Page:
You don’t need a business plan to start a business. Innovation and entrepreneurial spirit are as important as a game plan for turning your idea into a product or a service that someone loves.

Grounded in years of innovation enablement work inside Citrix, a company that re-imagined how we work by developing tools that support collaboration anywhere, on any device, An Innovator’s Journey Map offers a glimpse into ups and downs of being in an enterprise incubator — an environment that aims to foster innovation, creativity, and entrepreneurship.


Along with a talented team at Citrix led by Diana Joseph, I design, manage, mentor and teach at the internal corporate incubator called SparkPark.

Our goal is to encourage internal teams to behave like startups in an agile, user-centered, and lean manner over the course of 3 months. I’m also a founding team member of the Innovators Program at the Citrix Startup Accelerator, where external startups go through a similar process. Over the years, I’ve advised a couple of such startups and taught a few entrepreneurship-related courses at Stanford and beyond after starting my own design consulting business.

Despite this experience of guiding others through the murky waters of the business world, I was surprised at my own pessimistic attitude toward incubators after being asked to explore the future of healthcare and IoT at SparkPark. When faced with creating a business from scratch this year, my collaborators from the R&D arm of Citrix and I started to wonder if our entrepreneurship muscles can be flexed in an incubator.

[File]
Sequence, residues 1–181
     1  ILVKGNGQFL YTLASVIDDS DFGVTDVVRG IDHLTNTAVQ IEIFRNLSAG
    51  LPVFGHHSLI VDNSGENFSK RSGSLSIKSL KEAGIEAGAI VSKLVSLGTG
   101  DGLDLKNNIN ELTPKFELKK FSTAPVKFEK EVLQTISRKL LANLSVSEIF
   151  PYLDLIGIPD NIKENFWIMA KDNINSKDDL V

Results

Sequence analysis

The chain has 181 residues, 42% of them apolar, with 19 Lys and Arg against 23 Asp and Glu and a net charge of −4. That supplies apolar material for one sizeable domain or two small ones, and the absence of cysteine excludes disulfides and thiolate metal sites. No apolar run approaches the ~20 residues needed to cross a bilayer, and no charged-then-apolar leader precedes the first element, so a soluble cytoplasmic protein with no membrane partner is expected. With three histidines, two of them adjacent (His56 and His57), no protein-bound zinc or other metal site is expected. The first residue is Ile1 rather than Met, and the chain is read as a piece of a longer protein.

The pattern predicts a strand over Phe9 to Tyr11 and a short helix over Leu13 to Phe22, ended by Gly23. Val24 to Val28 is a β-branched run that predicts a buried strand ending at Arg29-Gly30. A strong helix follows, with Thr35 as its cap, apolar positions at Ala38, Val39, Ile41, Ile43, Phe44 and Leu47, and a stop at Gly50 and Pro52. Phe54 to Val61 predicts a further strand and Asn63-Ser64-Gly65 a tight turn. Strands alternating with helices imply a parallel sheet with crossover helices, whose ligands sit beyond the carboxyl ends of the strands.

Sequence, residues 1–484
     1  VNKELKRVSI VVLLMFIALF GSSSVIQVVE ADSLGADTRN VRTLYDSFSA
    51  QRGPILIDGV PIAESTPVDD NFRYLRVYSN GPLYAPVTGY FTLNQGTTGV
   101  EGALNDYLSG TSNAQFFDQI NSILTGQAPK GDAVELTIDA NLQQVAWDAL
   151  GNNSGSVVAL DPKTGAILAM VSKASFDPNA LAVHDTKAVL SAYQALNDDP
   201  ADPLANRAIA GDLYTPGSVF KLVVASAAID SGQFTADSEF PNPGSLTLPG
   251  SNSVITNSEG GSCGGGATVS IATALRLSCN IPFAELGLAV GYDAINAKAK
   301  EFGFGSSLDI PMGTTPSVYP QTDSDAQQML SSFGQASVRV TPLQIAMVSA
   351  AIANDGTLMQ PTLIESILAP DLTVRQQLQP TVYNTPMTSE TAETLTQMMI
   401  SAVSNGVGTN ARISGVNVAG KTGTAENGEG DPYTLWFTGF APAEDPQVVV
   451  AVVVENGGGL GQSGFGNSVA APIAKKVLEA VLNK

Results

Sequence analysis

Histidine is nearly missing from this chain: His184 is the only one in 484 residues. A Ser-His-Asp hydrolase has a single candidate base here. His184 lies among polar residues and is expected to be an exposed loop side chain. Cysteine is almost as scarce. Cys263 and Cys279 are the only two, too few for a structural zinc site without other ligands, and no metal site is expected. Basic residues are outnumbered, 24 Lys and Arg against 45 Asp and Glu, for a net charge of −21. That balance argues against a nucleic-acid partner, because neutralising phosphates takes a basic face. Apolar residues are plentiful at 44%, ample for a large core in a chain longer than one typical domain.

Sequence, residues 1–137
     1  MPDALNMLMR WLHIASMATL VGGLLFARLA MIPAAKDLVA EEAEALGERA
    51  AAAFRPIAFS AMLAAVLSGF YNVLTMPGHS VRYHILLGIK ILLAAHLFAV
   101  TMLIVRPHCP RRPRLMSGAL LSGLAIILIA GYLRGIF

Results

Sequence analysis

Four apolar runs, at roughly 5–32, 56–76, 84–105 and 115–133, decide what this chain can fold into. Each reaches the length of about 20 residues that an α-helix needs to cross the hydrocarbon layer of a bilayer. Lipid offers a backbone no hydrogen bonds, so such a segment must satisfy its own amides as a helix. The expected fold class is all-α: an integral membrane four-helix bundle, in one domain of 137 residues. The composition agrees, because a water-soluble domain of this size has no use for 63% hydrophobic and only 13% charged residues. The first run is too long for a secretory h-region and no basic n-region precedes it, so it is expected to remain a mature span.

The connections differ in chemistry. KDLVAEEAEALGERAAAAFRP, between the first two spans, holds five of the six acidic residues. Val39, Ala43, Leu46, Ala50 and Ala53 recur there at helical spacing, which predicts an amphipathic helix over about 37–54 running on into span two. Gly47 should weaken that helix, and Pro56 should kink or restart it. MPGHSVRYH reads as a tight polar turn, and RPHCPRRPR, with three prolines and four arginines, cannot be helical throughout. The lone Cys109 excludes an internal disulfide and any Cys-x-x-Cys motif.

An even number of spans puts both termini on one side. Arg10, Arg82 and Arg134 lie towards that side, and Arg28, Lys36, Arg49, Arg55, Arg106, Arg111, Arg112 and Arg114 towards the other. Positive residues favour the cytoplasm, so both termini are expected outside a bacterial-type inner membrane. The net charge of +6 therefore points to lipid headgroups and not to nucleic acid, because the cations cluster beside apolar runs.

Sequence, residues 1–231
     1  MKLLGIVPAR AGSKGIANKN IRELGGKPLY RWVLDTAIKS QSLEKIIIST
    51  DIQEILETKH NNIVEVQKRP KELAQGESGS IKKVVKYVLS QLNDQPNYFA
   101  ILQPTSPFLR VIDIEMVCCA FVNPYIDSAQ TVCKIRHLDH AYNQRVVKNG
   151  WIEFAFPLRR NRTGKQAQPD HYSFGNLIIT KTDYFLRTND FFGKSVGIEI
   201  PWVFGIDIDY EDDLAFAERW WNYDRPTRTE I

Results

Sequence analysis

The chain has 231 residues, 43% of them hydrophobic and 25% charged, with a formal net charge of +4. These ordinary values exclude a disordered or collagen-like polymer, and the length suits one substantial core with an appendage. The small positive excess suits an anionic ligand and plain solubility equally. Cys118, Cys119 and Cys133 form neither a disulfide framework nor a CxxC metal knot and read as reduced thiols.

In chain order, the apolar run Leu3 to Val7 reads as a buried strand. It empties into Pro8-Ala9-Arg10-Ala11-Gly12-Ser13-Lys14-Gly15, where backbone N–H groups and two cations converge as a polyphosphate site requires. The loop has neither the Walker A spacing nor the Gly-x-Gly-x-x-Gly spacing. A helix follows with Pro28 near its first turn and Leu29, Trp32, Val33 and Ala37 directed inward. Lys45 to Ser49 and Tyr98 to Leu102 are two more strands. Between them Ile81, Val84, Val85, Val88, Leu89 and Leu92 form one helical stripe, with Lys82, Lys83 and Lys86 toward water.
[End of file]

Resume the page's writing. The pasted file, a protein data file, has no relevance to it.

Can incubation really help frame the business opportunity and guide the team to a successful pilot?

In short, it depends. We proceeded with an open mind, and after months of customer discovery and validation, prototyping and testing, business modeling and pitching, our project culminated in a proof-of-concept being released in the app store as PatientConsult — a secure messaging app for medical professionals. So did Cubefree —a Yelp-like app for mobile workers. So did Evensity — an app for hybrid events.

But so many others didn’t make it to that stage for a variety of reasons that deserve a separate blog post, such as organizational readiness for their innovation, personal readiness to take the next step, to pivot, or to kill an idea, and most of all — it’s so damn hard to come up with something innovative that people love and want to buy!

After collecting feedback from an array of alumni, we’ve constructed an innovator’s journey map with its ups and downs of surviving the incubation phase at SparkPark. I hope that this map is equally useful for innovators who want to create ground-breaking, user-centered products without wasting years of their lives and investors’ money on the wrong idea, and for enlightened leaders who want to build organizations that attract and retain such innovators.